Flips, grabs, grinds and the inevitably painful bails that most of these tricks result in. These are all some of the moves/stunts/crazy-feats-only-attempted-by-madmen that are possible in Skate 3, EA’s skateboarding simulation game.
As entertaining and thrilling as it may be for us less able-bodied wannabe skateboarders to pull off seemingly impossible tricks by way of our heavily customisable characters in the game, the popularity of the Skate franchise has dwindled recently.
The original Skate game was heralded as a breath of fresh air for the skate-sim genre, with its innovative ‘Flick-It’ control scheme allowing the player to get as close to the real deal without grabbing a helmet and knee-pads and hopping on an actual skateboard, though with the rival franchise of (rather terrible) skate games from the original skate-master Tony Hawk and publishing powerhouse Activision resulting in an over-saturation of the market, it seems like nobody wants to play ‘pretend skateboarding’ any more.
This is a shame because EA’s Skate 3 is nothing short of phenomenal.
Click Read More to find out why you should get Skate 3.
It’s a proven fact that when it comes to sports simulation games, EA are the pack-leaders. No other publisher can consistently release an incredible slew of sports titles year after year, keeping each new release as fresh as they ever were, with more improvements in each game than you can shake an (analogue) stick at! EA’s ability to continually improve on a series is shown once more in Skate 3. Small niggles that plagued the first couple of Skate games such as being unable to escape the sticky clutches of your board, making walking up stairs (or just simply walking about anywhere!) a difficult feat. Other annoyances such as graphics that left much to be desired in terms also frustrated players of the first 2 games. However, sticking to the ‘improve it every year’ mantra that EA so tactfully employ, Skate 3 brought an entire truckload of improvements including your character’s new found ability to be able to hop on and off their skateboard whenever you please and updated graphics that make everything shimmer beautifully under the Port-Carverton (the fictional location where Skate 3 is set) sunlight. This means that even if Skate 1 and 2 irritated the faecal matter out of you, the improvements included in Skate 3 should eradicate any issues you had.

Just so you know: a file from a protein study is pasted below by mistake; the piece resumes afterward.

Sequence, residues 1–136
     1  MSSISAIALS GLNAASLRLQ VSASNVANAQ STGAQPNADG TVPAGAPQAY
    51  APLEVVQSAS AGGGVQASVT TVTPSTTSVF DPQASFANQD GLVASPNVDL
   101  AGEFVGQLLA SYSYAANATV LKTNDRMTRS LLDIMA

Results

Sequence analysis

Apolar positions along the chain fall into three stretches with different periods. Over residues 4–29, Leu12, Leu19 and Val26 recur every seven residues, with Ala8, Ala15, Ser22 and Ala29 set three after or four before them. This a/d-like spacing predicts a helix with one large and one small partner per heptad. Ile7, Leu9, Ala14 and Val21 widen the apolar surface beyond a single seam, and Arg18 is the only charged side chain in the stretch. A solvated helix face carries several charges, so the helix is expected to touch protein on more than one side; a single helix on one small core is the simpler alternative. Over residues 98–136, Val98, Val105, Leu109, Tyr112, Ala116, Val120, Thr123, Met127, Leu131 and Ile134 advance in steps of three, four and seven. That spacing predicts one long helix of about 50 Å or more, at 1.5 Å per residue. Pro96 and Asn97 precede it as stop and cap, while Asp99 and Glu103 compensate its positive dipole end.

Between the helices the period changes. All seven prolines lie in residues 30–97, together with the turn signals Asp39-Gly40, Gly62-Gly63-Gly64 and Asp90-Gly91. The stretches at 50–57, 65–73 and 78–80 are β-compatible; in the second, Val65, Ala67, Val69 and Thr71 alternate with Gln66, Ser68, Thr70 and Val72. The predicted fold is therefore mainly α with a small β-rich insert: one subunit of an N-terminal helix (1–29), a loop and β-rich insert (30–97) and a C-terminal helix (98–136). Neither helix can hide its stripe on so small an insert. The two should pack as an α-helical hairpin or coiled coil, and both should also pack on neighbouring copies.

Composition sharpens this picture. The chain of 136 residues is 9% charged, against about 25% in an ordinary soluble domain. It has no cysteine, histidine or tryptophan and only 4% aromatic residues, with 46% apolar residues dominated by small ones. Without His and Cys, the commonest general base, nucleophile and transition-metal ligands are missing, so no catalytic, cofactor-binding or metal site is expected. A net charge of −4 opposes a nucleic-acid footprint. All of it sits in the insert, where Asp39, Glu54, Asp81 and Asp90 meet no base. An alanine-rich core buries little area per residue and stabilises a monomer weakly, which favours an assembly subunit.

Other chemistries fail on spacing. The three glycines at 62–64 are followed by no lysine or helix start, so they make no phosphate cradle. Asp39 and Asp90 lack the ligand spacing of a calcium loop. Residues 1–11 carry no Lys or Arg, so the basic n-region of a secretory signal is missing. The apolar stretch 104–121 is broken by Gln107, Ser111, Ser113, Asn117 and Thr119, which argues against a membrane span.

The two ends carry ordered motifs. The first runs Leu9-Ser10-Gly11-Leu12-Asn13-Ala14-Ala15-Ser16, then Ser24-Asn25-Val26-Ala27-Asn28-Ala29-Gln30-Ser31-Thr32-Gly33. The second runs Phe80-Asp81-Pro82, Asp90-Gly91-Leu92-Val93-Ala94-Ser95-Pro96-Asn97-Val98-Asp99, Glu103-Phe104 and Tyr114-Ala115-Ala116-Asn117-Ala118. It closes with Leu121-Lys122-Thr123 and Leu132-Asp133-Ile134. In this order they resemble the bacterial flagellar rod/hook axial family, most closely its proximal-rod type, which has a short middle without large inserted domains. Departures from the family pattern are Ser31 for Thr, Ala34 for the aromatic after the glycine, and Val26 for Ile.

It would simply be out of character for EA to published a game such as Skate 3 without including an absurd amount of customisable features and true to form, EA have seemingly given everything in the game the potential to be altered in some way by avid architects/designers/skate enthusiasts. Since picking up the game just a week after the game’s initial release date back in May, I have completed the game (it’s one of the very few games that I have actually played the whole way through!) and looking back on the insane amount of hours I invested into the game so lovingly, I’ve realised that there is literally nothing that I can think of that cannot be customised. It’s all one gigantic, fun-filled playground.
As I mentioned, the game was released way back in May, 2010, meaning that a good 9 months or so have passed since it was originally positioned on shelves, also meaning that Skate 3 has most likely migrated from shelves and into those baskets of pre-owned shovel-ware and 3rd party titles that even the youngest of gamers have shunned. Realistically, Skate 3 shouldn’t be found in those bargain-baskets as it’s actually a marvellous game (something which I may have already mentioned!) but it’s just the natural process of things. If you haven’t put 2 and 2 together yet, I’m trying to tell you that you can get a pre-owned copy of Skate 3 for cheap. At least that way if you decide that the ‘way of the board’ isn’t for you, you won’t have parted ways with too much of your hard-earned cash.
Another reason for you to pick up Skate 3 is that it’s a dying breed. What I mean by that is that people are becoming more an more disinterested in skating about in fictional worlds and some crazy people are actually investing 100s of pounds/dollars in real-world skating. Gasp, the horror! Publishers like EA (and Activision, the publisher behind the abomination that is the Tony Hawk Shred/Ride series) are waking up to this fact and as a result we probably won’t see another skateboarding simulation game until the skateboards have evolved into hoverboards of the future and the people riding them are all holographs. That being said, the demise of the genre isn’t necessarily a bad thing as at least the Skate franchise can bow out on the highest of highs, it also gives EA room to innovate should they ever decide to revive this type of game with another skate-em-up title which I will be awaiting patiently.
Those are my reason for why Skate 3 is a Hidden Gem of the Gaming World so what are you waiting for? Go and buy it now!